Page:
Future Monogatari

Image result for naruto episode 216

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Google translate ga yoku nata

It’s true, two years ago it couldn’t handle idioms, now it changes ‘raining cats and dogs’ to ‘heavy rain.’

It speaks too

in a train tannoy voice

but it’s better than nothing.

Okay, I typed too soon. Google translate is still weak. I just tried something more difficult, an idiomatic phrasal verb, and it did not go well.

‘The killer took him out’ became ‘the killer brought him [somewhere].’

A bit harsh as there’s not much context to that phrasal verb. The killer could’ve taken him out somewhere, it’s not impossible and, far as I know, google translate is the sum of its programmed database, not intuitive AI, so I gave it a bit more to work with:

‘The killer took him out with one bullet.’

Again, it translated as:

‘The killer, with one bullet, brought him [somewhere].’

It’s interesting, how would you programme common sense into an online translator that has no experience of our perceived reality? To google translate, it might be completely normal for killers to take people somewhere while carrying a bullet.

Maybe the only answer is AI?

That or the elimination of all idioms from every language?

The next problem: how to understand an episode of Naruto. I tried last week, Episode 216, but the first scene was insanely fast. Even when I slowed the speed down to half, it was difficult to pick anything up. Or you can pick it up, but you don’t know what it means. Do children really understand this? Continue reading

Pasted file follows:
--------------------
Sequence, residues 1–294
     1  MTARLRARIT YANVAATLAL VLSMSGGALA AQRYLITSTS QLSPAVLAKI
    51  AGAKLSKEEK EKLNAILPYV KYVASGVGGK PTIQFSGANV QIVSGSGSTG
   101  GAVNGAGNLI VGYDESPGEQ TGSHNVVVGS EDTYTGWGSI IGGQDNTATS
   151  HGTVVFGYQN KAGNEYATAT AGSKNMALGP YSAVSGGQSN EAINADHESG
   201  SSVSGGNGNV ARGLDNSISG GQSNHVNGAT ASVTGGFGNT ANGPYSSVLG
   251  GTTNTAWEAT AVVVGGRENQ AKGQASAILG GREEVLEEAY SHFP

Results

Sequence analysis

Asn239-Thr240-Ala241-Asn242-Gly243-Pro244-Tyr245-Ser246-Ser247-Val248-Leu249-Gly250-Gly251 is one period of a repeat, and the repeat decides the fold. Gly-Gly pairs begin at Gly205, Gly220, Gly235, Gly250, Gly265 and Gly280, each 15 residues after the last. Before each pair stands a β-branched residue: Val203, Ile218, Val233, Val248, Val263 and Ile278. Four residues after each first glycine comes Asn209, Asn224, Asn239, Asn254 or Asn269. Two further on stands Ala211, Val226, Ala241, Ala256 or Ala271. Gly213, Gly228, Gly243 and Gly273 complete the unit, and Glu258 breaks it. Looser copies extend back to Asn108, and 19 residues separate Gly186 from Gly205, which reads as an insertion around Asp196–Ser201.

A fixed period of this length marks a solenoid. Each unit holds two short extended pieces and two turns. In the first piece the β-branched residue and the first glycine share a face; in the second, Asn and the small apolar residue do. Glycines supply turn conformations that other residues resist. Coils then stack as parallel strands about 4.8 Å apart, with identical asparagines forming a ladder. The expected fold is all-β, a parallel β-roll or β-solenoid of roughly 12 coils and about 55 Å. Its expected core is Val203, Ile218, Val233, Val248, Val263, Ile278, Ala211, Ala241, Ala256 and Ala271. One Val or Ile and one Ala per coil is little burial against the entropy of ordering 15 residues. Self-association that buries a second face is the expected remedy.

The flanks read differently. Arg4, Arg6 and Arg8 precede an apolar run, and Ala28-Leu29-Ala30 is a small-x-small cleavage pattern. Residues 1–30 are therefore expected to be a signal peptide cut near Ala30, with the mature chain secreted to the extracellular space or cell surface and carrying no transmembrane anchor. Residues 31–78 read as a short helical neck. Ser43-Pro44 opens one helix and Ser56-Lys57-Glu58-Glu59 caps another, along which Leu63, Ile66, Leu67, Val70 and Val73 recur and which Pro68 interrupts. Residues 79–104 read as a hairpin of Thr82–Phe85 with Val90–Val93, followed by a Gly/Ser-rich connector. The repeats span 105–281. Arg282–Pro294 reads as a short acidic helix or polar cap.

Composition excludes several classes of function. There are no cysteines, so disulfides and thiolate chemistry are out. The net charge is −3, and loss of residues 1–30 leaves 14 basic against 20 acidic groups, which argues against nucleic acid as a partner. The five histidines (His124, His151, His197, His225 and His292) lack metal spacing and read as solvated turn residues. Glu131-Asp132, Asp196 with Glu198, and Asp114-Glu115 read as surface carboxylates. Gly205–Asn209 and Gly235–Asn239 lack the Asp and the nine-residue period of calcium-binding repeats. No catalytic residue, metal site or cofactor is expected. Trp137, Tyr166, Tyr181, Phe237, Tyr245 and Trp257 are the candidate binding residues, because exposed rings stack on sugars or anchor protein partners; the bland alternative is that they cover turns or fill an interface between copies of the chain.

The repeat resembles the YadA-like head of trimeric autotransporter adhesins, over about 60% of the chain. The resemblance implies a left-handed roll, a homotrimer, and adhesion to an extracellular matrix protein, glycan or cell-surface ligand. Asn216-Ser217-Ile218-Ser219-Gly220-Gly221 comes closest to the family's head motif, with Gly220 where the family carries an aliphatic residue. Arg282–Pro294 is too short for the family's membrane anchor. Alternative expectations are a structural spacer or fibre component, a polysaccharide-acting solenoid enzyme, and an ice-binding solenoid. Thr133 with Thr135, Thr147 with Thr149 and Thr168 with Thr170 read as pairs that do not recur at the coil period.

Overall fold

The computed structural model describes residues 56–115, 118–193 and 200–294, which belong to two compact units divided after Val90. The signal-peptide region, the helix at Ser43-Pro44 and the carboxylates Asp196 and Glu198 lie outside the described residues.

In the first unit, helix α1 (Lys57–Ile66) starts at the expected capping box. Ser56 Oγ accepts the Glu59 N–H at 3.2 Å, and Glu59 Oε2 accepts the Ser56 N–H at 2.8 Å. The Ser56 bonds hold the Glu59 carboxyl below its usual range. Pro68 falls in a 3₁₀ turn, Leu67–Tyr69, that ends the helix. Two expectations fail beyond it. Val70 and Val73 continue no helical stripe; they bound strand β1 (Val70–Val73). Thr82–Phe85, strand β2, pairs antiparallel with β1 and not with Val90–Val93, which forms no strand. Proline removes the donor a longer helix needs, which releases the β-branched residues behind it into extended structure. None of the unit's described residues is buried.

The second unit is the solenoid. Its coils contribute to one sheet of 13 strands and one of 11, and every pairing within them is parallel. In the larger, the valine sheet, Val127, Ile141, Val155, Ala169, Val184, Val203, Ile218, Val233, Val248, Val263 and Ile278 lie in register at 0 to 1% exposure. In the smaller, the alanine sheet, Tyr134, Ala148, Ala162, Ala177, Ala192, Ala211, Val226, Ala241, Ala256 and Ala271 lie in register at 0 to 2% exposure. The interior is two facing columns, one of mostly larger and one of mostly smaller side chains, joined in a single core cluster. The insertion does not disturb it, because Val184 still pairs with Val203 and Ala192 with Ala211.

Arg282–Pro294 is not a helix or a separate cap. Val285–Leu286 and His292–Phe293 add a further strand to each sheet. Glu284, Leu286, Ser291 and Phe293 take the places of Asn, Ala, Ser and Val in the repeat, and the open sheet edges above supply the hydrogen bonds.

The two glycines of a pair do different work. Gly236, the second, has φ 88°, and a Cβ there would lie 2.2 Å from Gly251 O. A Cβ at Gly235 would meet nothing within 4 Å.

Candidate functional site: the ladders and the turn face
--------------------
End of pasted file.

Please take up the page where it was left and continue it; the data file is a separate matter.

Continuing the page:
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Hojo family gathering + Yuki Onna [Snow woman]

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‘Realising he was fighting a losing battle, Hojo burnt the monasteries and returned to his castle where, along with 34 family members, and two hundred and twenty retainers, he committed mass suicide.’

I’m used to medieval nobles like Vlad Dracula and Dan the 2nd dying in battle, being unafraid of death as long as their adrenaline was up, but to casually go back to your castle and gut yourself, and force the rest of your family and your servants to do the same, is pure Japan. Maybe pure Ancient Egypt too, I’m not sure.

Actually, it may have been common in many cultures for the servants to die too, but…where’s the sense in killing off your next of kin?

Even in the context of medieval Japan, it doesn’t make sense.

The reputation and continuation of your Clan was considered paramount, but it was also a matter of honour to kill yourself after losing a battle.

Contradiction: killing yourself and your family does not help you to continue your Clan. Unless you’re killing off your cousins?

But then, other warriors would surrender and join the other side in order to preserve their Clan.

I think that happened a lot in the warring period, which I’ve just found out about from a book I picked up in the library.

Most history of most countries is pretty brutal, but 1430’s – 1620’s was the time you couldn’t go anywhere in Japan without being mugged, raped or slaughtered.

Same goes for Romania.

That was all a long time ago now.

I lived in Japan and they’ve definitely mellowed since the 1400’s. And become more creative too. Look at how many weird folktales they’ve got. Look at all that manga.

Have you ever read or seen Yuki Onna [Snow woman]? Continue reading